Words from the master Seán Ó Riordáin of Ballyvourney

As Ballyvourney commemorates the centenary of Seán Ó Riordáin, Colette Sheridan looks at the life of a man who didn’t let TB get in the way of writing incredible poetry 
Words from the master Seán Ó Riordáin of Ballyvourney

THE best Irish language poet since the Famine is how poet Seán Ó Riordáin is described by his biographer, Seán Ó Coileáin.

Ó Coileáin will give the keynote speech on Saturday as part of a three-day commemoration event, starting this Thursday, marking the centenary of Ó Riordáin’s birth in Ballyvourney, Co Cork on December 3, 1916.

Generations of Irish school children are familiar with Ó Riordáin’s poem, ‘Cúl an Tí’. Ó Coileáin points out that while the poem seems light-hearted, it’s actually quite dark. “It represents Ó Riordáin being out at the back of the house with the rubbish tip. He has been to the sanatorium [having been diagnosed with TB as a young man and suffering poor health until his death at the age of 60]. An addition to the house has been made for him so that he can live, as it were, apart from healthy folk.

“While he describes the world he lives in humorously, he very much resented the isolation he felt and much of his work is about this. It is a world that is very much to the fore in his prose writing and later in the Irish Times, and indeed in his diary which he kept from 1940 until a few days before his death.”


Ó Riordáin felt cast aside and labelled diseased. “He wasn’t treated properly for TB as there were no proper drugs at the time. So his hostility shows.”

But, as Ó Coileáin points out, the sickly poet’s hostile attitude isn’t the only mindset that emerges in his writing. “He comes across as sympathetic for the person who is broken down and has lost everything. He was an extraordinarily sympathetic person who recognised other human beings in the same straits that he was in.”

The eldest of three children whose father died from TB, Ó Riordáin struggled with the Catholic faith that he was born into. “There are times when he seems to have totally abandoned it. I know for a matter of fact that even though he was dying and knew it, it rankled very much with him that he was virtually forced, on his death bed, to confess and receive communion and extreme unction.”

President Cearbhall Ó Dalaigh at the funeral of Seán Ó Riordáin at Reilig Ghobnatan.
President Cearbhall Ó Dalaigh at the funeral of Seán Ó Riordáin at Reilig Ghobnatan.

Ó Riordáin didn’t like authority or pontificating. “That final act of authority, reclaiming him, is something he wrote about across a page of his diary (when he was dying.) He wrote in Irish that (being administered the last rites) ‘doesn’t mean I’m a Catholic.’

“With Ó Riordáin, there was the uncertainty of a person who has been very much brought up in a tradition and has tried to reject it. He had rejected so many other things, such as traditional modes of writing in Irish. But it was as if he was being forced back to the Church.”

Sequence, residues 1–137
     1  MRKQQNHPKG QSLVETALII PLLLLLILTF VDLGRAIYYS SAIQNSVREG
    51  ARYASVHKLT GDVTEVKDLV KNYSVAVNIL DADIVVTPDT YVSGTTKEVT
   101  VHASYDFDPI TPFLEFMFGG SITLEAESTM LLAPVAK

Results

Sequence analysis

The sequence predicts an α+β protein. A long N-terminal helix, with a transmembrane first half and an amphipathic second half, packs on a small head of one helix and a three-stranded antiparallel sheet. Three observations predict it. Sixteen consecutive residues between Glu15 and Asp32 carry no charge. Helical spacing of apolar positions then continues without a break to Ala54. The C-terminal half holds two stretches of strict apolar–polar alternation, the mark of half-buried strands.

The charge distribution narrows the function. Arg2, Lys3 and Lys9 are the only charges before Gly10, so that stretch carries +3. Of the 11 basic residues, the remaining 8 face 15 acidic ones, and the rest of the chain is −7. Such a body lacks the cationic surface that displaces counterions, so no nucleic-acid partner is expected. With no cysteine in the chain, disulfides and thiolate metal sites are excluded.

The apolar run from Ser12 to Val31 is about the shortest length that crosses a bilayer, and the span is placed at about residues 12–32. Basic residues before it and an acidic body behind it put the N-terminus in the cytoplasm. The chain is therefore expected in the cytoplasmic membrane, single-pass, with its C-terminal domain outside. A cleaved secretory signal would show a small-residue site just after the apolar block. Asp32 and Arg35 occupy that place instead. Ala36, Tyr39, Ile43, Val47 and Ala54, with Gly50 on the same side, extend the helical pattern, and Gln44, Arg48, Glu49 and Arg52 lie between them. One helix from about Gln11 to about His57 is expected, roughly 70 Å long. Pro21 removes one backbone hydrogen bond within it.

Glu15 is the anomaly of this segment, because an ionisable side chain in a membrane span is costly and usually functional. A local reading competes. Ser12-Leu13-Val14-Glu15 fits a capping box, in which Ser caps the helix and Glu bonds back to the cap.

Ó Coileáin says that paradoxically, Ó Riordáin’s isolation made him more central in the sense that he spoke directly of his own condition.

“That was immediately recognised as the human condition. He wrote out of despair, sickness and sometimes hopelessness.

“He was talking basically about existentialism, what it is to be a human being. In that way, he related to an audience much more personally and immediately than those who were writing using a more traditional model, the Daniel Corkery tradition,” says Ó Coileáin.

While Ó Riordáin read widely, it was almost by accident that he was part of the European tradition.

“He was universal rather than writing in more formal modes with the traditional themes that other poets were using.

“He was certainly a modernist and his poetry translates and resonates in a way that much other poetry does not.”


Ó Riordáin, who published four books, was criticised by traditionalists, with the poet Máire Mhac an tSaoi, in particular, drawing attention to his standard of Irish. He was not a native speaker of the language in the strict sense.

“He was born in the breac (speckled) Gaeltacht in Ballyvourney. The Irish language was yielding to English in that area in Ó Riordáin’s time. His father was a native Irish speaker, as was his grandmother who lived close to him. He had uncles in the neighbourhood who were all native speakers. His mother, on the other hand, came from Carrigadrohid and was an English speaker. So English would have been the normal language of the home.

“Again, this was a dilemma that he grew up with. He had to choose his medium. Over a period of time, he came to realise that for his purposes at least, writing in Irish was more meaningful and accessible to him than writing in English.”

Ó Riordáin, who at the age of 15 moved with his family to Inniscarra and attended the North Monastery on Cork’s northside, saw his youth in Ballyvourney as giving him the credentials for writing in Irish.

“Of course, he went on to develop his credentials in Irish in later years. He spent periods in the Gaeltacht in Dunquin, west Kerry.”

Ó Riordáin never married and worked as a clerk in Cork City Hall from 1936-1965 and was given a part-time position in UCC’s Irish department from 1969-1976. He died in 1977 and is buried at Reilig Ghobnatan near Ballyvourney.

While illness blighted his life and influenced his writing, his work transcends the misery of TB.

As Patrick Crotty writes in his anthology of modern Irish poetry: “Startling imagery and an undercurrent of anarchic, self-deprecating humour play against the grimness of Ó Riordáin’s themes.”

  • A day of commemorations will take place on Saturday in Ballyvourney.

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